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Having tasted virtually all the readily available Sloe Gin’s on the open market and a selection of home made concoctions, I deduced they were all in some way syrupy on the pallet, yet lacking in any real substance. I quizzed other people for a suitable recipe, and read up on a few historic ones in the hope of finding a magical secret ingredient, then took the best advice from them all, and made up my own to test out.

Keeping a check on the hedgerows and usual foraging spots I knew of gleaned nothing of any worth, then a friend tipped me off that the sloes on her patch were in season. It was private(ish) land so hadn’t been harvested by anyone else yet. The ripest fruits were picked from high on the tree thanks to being on horseback, then frozen as soon as we were home, two days later I was ready for them. Freezing the ripe fruit (even if it’s just overnight) splits the skins and lets the gin into the fruit, and the fruit bleed into the gin. The gin I used was Bombay Dry, just the regular version, not sapphire or star, you don’t need the posh stuff, but give any economy, supermarket or unbranded spirits a sidestep. The classic London Dry’s work well with the sloe flavour, to give an earthy note, rather than a sweet citrus one, producing a straight up and down sloe gin that outshines the shop bought bottles of syrup. If your already a fan of Ophir gin, try using that, as it is so heavily spiced it creates a heavenly warmth with plenty of depth.

The first time I made this I did 1 litre, and wished it had been 3, so I could have given some away as presents. This recipe is for 1 litre, but I really would advise making more. You’ll need to sterilise the jars or bottles you use. To do this, wash in very hot soapy water, rinse, then put them in the oven at 120c for 15 minutes. If you want to test it out as in the picture, use a small bottle half full of sloes.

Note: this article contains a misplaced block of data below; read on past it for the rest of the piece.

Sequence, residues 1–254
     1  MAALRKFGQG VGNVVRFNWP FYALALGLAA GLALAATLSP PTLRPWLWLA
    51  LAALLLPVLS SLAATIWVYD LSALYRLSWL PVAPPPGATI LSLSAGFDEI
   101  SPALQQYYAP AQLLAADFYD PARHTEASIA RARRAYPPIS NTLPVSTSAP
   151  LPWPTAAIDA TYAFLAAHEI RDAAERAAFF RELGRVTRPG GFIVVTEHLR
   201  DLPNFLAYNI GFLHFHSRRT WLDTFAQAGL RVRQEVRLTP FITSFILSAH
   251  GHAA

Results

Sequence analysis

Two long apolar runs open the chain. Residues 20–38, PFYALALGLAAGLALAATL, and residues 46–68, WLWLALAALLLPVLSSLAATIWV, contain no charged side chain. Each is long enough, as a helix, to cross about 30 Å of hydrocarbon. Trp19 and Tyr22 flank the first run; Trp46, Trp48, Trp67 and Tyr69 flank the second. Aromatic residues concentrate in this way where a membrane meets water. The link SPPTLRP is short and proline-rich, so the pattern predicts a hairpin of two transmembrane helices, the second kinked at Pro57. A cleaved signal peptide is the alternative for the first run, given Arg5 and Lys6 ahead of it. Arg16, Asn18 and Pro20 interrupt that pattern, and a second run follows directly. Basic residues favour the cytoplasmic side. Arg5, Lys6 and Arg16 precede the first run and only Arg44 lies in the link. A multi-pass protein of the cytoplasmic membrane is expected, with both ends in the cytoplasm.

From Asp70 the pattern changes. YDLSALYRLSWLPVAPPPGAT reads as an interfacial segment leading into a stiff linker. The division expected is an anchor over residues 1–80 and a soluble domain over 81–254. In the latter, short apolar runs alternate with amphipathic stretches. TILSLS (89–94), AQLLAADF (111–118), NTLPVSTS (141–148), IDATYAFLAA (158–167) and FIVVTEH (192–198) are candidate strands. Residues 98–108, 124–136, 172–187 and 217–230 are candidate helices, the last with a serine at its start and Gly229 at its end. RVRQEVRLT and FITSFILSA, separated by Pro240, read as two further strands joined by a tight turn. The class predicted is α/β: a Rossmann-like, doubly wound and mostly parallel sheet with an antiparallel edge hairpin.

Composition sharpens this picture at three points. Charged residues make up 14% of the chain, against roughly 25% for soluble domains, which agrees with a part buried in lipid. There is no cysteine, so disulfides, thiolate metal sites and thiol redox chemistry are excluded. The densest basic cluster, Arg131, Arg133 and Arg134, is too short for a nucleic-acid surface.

Kit list

1 large Kilner type jar - the tall spaghetti storage ones are perfect (sterilised)

1 litre Bombay Dry gin

4 Almonds






Half fill the kilner jar with frozen sloes, throw in the almonds, then fill with gin. Leave some air space, as the fruit swells and you need to be able to shake up. Put the jar into a cool dark spot away from prying eyes, the back of a sideboard in a draughty dinning room is perfect. Check on it once a week and give it some gentle agitation. Try to wait 3 months at the least, then it’s ready for adjustment and bottling.


I keep any interesting spirit bottles with cork stoppers, but also use those bottles with the rubber sealed flip top lids, (or just pour it back into the original gin bottle and amend the label).

Get a large sterilised vessel and using the funnel and tea strainer decant the sloe gin into it. You should now have just under 1 litre of sloe gin, free of fruit, pips, stalks and almond debris, ready to taste test. If it’s hitting the spot straight off, pour it straight into bottles, or yourself. If it needs a little sweetness to balance it out, mix 4 teaspoons of caster sugar with a little hot gin to dissolve, then try stirring in a few drops at a time until it reaches your desired level before bottling up.

The gin infused sloes can be added to blackberries to make jam.

Rachel Lovatt